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Congwong Beach is a pristine stretch of sand at the tip of La Perouse, known for calm, clear water and some of the best diving in Sydney. It is the place where our minds keep returning to as we think about our complicity in the ongoing inequality and violence against bla(c)k and brown people. Congwong is a traditional camping site for the Kameygal clan and a place where Aboriginal people have maintained an unbroken connection to their land for thousands of years. The Kameygal and Gwaegal have lived in this area since time immemorial and in 1770 they became the first known Aboriginal people on the east coast to make contact with the British. Across the bay from Congwong is the site where Lieutenant Cook and the HMS Endeavour crew anchored offshore, claiming the land without consent. This area is literally ground zero for invasion. History is not something that we often consider when we are swimming, but places have memory. The land and water that we love are central to Indigenous law, spirituality, history, knowledge, belief, language and practices. The legacy of racism and criminalisation of bla(c)k and brown people has been entrenched in our culture since the moment this land was stolen from the Traditional Custodians. In 1984 La Perouse became the state's first Aboriginal community to be transferred freehold title to part of its own lands under the NSW Aboriginal Land Rights Act. The La Perouse community, against all odds, has managed to retain a tiny fraction of their traditional country. They are the outlier. In our bountiful city it’s easy to forget where our riches came from. We are the beneficiaries of stolen wealth. We are inspired by the actions of people around the world to put pressure on ourselves and institutions to end systematic anti-bla(c)k racism. We want to use our voice, skills, and resources to advance anti-racist causes. We will inevitably get things wrong, but we are listening and learning about how to be better allies. As we continue to learn and take action, we will share resources that we find helpful. We hope that followers of this account will share with us as well. Water is healing. Connecting with nature is a way to find unity.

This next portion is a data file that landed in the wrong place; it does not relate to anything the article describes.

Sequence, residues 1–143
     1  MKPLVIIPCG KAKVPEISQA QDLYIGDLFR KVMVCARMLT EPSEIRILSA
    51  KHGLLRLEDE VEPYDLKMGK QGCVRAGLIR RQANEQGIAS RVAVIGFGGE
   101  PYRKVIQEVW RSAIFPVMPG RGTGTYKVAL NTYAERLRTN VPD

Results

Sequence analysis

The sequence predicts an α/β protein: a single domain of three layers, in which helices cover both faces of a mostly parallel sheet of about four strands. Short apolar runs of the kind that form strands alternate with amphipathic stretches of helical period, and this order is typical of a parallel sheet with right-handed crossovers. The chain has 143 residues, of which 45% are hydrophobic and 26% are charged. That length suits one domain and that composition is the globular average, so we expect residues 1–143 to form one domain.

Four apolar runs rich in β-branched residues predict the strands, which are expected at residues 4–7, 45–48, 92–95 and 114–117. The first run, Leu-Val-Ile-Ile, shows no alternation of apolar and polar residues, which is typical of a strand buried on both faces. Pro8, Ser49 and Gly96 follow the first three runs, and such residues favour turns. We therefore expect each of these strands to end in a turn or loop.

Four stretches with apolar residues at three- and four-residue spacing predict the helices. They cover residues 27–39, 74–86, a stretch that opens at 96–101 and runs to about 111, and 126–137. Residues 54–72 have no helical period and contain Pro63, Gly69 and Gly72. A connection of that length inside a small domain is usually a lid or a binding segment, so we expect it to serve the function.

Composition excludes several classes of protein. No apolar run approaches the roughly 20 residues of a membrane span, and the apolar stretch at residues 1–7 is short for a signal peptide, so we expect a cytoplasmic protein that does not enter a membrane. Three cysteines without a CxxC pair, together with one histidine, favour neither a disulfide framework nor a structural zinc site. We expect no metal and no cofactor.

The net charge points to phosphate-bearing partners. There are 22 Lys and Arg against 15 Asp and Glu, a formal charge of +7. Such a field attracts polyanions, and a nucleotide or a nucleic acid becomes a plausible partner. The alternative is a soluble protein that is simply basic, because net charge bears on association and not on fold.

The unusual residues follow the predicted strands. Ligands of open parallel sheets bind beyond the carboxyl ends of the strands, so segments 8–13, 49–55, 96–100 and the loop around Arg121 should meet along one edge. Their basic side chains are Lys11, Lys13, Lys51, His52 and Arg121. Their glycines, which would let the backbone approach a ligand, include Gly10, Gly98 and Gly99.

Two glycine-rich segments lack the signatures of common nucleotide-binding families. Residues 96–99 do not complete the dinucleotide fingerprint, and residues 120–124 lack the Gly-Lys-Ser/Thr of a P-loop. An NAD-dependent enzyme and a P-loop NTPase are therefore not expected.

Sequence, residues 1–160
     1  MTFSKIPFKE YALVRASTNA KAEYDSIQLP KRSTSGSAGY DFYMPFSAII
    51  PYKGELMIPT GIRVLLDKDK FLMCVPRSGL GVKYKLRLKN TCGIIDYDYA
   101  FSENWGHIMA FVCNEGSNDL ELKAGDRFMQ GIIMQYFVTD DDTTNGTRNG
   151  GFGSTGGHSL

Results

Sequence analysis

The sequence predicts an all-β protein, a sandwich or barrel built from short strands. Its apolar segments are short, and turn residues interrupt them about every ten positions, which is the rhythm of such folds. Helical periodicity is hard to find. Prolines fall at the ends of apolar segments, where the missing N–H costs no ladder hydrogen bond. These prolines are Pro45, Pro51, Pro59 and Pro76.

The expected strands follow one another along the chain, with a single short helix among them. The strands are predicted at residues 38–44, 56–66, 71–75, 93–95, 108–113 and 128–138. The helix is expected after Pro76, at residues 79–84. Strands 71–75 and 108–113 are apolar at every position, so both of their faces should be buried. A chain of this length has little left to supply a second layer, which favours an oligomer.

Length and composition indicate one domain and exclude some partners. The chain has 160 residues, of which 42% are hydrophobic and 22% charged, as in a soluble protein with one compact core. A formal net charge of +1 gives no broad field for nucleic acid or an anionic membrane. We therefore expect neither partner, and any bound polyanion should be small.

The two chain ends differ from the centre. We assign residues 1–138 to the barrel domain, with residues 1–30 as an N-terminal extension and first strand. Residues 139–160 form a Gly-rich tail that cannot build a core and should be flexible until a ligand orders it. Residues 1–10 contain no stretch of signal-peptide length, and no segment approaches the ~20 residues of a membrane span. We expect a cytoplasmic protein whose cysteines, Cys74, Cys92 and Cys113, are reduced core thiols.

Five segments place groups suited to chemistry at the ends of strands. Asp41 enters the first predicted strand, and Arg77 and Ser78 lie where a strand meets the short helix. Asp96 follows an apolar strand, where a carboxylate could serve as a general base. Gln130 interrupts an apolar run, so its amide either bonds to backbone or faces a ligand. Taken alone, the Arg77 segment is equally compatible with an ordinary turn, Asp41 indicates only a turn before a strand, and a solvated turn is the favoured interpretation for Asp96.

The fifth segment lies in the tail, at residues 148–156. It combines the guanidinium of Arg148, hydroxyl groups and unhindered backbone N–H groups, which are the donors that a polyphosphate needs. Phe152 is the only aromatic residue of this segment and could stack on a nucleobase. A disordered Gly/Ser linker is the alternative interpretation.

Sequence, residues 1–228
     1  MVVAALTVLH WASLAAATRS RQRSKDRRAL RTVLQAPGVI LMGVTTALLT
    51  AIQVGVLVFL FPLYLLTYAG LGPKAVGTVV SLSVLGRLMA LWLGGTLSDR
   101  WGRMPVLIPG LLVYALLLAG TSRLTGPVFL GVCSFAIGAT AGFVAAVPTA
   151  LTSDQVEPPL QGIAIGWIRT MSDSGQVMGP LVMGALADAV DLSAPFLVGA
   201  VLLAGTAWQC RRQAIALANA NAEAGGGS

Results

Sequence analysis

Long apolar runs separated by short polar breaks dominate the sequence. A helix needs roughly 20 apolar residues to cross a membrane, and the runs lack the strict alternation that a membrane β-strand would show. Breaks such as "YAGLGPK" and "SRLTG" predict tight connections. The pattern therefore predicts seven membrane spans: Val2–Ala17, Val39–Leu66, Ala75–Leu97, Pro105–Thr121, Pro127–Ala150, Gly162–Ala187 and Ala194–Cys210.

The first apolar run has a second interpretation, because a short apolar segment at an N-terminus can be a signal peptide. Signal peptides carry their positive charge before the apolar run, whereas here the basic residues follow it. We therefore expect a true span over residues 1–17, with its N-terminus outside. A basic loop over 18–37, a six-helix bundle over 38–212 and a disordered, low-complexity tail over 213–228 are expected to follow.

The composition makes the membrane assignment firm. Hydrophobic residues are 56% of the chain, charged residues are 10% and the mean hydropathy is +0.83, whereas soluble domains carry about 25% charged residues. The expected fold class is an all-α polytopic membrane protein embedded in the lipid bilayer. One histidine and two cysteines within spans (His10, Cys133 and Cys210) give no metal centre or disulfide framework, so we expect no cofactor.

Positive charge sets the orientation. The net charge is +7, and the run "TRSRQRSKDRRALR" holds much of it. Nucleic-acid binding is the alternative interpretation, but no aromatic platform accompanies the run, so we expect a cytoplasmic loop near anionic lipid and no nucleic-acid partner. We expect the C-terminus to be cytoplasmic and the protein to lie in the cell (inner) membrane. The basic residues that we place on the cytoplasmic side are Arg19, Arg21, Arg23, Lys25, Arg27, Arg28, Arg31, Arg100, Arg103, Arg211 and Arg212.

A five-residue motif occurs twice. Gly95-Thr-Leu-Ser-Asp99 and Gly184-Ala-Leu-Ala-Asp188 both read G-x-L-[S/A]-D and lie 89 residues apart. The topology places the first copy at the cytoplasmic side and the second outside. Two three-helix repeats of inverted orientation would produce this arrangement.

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Store Beach, Manly

Though you can’t reach it in the car, or even on foot, Store Beach is a worthy adventure for those seeking a little solitude and time in the sun. It’s accessible only via water, which means you’ll either need to rent a kayak from Manly and paddle about 20 minutes south across the bay, or zoom in for a swim on your next day out on the boat.

Collins Flat Beach, Manly

Just around the headland from Store Beach, Collins Flat Beach is another spot loved by locals. Calm waters make it ideal for romantic picnics or family visits, while a carpark means it’s certainly easier to get to. Little fairy penguins are sometimes spotted frolicking in the waters here, and there’s a small waterfall to the side too.